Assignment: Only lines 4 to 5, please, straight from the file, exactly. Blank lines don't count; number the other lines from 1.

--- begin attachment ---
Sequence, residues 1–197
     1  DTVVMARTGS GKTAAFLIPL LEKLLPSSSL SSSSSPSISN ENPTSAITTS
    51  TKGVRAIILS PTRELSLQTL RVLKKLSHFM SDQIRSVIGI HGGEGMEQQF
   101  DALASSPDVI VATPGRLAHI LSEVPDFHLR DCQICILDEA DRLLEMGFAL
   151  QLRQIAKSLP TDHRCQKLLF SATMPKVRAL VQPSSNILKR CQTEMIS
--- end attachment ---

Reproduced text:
   101  DALASSPDVI VATPGRLAHI LSEVPDFHLR DCQICILDEA DRLLEMGFAL
   151  QLRQIAKSLP TDHRCQKLLF SATMPKVRAL VQPSSNILKR CQTEMIS